Using Exceptions


When an exception is caught, the application can decide what action to take in order to continue processing. For example, consider the next program.

// Exception5 - Using Exceptions

using System;

class Program
{
    static void Main()
    {
        int[] numerators = { 4, 10, 100, 3, 5, 8 };
        int[] denominators = { 2, 5, 0, 3, 0, 4 };

        for (int i=0; i<numerators.Length; i++)
            try
            {
                Console.WriteLine("{0} / {1} = {2}", numerators[i],
                                                     denominators[i],
                                                     numerators[i] / denominators[i]);
            }
            catch (DivideByZeroException)
            {
                Console.WriteLine("Attempted to divide by zero");
            }
    }
}

The elements of two arrays are divided. When the denominator is zero, the runtime generates an exception. The program catches the exception, prints an error message and continues running. Exceptions are an opportunity to either inform of an error or remedy the error and continue processing.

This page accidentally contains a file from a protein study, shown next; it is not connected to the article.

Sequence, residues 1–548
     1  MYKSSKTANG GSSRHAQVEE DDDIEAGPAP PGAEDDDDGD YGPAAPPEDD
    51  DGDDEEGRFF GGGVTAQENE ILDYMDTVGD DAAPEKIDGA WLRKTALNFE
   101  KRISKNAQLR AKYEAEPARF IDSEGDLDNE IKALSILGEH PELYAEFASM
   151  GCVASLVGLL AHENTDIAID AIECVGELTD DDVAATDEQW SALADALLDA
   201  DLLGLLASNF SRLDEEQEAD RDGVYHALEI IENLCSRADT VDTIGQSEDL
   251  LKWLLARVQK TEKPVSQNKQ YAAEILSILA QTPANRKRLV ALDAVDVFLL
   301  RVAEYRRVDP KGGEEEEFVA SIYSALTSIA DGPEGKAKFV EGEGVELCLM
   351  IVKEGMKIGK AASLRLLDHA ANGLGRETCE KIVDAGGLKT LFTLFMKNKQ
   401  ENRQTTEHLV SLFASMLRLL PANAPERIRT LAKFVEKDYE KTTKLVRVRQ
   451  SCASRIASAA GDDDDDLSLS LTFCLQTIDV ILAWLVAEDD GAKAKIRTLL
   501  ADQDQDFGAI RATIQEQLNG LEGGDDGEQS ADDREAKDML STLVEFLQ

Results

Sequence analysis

Given that the try-catch statement is executed inside a for loop, it is clear that once the exception is handled, processing continues as normal. Each pass though the for loop enters a try block and even after an exception is thrown and caught, it is quite acceptable to reenter the try block on the next pass through the loop.

The output of the above program is shown below.

4 / 2 = 2
10 / 5 = 2
Attempted to divide by zero
3 / 3 = 1
Attempted to divide by zero
8 / 4 = 2